City Paper is not for tourists
RANDALL BLOOMQUIST’S story (“Real Things Considered,” The District Line, 3/17) questioning the propriety of government funding for public broadcasting was mostly on-target—though it’s taken liberals a long time to get there. Conservatives have been calling for an end to such subsidies for a long time, not just because of the all-too-obvious leftist bias of much of the programming, but because the government simply has no business meddling in business.
However, Bloomquist’s gratuitous jabs at WAMU-FM were a little silly. WAMU should indeed forswear all government funds—and challenge its members (including me) to double their annual contributions in response. But WAMU’s programming is hardly esoteric. Bluegrass Country is the world’s only drive-time bluegrass show and one of the main reasons the station attracts its middling share of the local audience. But in addition to afternoon bluegrass, and in-depth news and intelligent talk programming, WAMU upholds its claim to broadcast “radio in the American tradition” with a Sunday-evening show featuring old radio dramas; Hot Jazz Saturday Night, featuring the classics of that genre; and Stained-Glass Bluegrass, one of the best things on radio.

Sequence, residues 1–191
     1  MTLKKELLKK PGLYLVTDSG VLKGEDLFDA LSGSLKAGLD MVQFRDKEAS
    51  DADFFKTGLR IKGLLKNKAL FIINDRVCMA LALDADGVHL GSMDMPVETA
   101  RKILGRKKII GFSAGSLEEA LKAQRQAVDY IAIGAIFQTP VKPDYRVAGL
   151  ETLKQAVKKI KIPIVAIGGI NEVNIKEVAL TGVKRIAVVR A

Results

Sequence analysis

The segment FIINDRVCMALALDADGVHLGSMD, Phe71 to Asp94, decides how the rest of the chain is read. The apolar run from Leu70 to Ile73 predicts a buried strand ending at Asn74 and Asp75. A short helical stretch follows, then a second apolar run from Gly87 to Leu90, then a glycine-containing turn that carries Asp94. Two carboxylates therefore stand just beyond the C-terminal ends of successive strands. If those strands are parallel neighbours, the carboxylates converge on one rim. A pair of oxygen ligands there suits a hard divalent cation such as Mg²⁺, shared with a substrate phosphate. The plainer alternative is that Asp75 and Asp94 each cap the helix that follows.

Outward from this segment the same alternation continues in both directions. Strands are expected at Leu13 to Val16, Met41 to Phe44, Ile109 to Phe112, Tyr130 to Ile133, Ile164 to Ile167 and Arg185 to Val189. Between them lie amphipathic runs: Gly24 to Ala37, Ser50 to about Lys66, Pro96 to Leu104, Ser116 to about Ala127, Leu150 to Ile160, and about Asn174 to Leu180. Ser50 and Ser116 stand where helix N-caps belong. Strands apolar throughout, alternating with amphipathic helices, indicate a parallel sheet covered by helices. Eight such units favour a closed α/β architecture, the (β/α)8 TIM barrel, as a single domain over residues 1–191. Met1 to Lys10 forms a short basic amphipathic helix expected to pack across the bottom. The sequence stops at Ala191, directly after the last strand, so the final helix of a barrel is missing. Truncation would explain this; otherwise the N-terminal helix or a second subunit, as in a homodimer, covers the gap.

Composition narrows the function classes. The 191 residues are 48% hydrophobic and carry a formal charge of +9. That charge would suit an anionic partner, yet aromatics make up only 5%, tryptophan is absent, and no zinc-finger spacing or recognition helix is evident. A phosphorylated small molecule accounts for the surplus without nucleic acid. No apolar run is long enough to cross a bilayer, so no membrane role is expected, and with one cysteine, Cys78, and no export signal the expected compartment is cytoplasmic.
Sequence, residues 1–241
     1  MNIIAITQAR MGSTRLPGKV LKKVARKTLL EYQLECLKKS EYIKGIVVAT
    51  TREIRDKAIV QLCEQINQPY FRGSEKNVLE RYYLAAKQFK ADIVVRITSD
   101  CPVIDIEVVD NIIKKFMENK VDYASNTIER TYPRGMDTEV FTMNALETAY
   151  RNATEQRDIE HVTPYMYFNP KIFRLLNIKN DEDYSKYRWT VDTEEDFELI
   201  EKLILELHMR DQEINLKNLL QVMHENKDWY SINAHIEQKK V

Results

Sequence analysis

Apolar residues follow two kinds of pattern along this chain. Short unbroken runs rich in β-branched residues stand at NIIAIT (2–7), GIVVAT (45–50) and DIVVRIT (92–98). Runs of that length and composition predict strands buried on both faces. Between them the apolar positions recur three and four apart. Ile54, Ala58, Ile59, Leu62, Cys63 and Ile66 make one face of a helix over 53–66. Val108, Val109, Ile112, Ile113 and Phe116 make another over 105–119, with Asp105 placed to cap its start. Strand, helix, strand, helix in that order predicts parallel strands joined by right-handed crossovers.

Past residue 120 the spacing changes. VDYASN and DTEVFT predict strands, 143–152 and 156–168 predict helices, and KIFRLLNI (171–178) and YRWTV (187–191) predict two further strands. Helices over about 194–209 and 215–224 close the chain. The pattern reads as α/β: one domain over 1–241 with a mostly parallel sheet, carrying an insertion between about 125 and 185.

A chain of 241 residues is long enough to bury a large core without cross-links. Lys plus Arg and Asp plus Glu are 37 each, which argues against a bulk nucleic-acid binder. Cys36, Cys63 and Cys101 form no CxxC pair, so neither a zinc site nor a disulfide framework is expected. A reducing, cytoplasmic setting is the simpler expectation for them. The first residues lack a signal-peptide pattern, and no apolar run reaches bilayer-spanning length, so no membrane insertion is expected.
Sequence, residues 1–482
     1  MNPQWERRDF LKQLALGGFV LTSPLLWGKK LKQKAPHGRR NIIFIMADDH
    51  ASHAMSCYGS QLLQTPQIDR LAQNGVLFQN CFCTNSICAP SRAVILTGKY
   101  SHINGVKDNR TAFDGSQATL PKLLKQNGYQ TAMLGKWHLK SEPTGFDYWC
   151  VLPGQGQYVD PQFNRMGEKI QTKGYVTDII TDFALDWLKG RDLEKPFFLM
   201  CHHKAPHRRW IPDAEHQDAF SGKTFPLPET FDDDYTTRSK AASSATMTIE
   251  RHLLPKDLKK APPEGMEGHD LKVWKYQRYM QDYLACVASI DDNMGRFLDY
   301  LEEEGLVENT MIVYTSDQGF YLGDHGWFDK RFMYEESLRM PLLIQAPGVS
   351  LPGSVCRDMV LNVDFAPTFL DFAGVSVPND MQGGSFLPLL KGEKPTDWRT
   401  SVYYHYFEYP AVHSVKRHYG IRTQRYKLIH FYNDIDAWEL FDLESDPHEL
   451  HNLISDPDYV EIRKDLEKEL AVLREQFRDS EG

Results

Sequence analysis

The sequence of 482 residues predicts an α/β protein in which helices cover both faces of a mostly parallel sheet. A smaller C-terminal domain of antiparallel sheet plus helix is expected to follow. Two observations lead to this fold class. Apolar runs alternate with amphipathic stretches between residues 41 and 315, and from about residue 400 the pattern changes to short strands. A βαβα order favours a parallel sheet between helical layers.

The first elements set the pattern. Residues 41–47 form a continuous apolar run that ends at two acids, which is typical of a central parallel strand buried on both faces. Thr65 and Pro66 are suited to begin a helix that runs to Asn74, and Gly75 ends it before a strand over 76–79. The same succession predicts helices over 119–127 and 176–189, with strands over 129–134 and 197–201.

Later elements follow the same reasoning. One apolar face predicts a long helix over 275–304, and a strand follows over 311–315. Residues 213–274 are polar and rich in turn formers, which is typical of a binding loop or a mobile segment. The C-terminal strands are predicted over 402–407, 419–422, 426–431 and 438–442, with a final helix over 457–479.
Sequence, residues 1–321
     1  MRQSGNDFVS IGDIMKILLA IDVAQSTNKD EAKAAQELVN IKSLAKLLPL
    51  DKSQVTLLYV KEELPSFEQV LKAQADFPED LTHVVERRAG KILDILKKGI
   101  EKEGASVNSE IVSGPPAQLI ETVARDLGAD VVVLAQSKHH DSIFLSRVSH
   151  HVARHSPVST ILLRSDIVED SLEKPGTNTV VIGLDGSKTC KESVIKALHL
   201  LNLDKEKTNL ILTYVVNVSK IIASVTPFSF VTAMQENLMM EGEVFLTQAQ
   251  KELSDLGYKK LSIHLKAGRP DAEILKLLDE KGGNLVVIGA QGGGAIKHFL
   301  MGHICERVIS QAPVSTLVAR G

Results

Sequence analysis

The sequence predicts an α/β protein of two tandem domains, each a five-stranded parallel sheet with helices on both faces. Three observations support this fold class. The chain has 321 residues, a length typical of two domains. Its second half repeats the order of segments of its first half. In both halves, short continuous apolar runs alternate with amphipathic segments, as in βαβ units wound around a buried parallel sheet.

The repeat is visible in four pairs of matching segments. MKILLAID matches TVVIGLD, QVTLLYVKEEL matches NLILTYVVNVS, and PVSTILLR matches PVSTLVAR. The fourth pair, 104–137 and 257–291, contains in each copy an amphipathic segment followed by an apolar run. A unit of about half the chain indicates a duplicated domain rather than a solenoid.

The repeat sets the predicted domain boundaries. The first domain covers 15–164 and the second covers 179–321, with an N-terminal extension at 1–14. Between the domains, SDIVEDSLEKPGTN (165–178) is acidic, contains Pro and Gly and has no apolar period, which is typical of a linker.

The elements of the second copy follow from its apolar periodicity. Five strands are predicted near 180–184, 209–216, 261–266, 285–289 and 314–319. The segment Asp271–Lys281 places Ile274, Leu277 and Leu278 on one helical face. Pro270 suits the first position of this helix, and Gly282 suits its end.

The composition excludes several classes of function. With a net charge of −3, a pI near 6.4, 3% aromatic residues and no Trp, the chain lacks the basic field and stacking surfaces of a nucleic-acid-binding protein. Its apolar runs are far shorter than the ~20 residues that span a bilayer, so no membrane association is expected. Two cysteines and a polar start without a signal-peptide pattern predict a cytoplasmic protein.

Privatize WAMU? Absolutely. But Bloomquist’s condescending comments don’t do justice to a great radio station, which should be on the car-radio button of anyone whose tastes extend beyond the Insect Club and Planet Fred.
Manassas, Va., via the Internet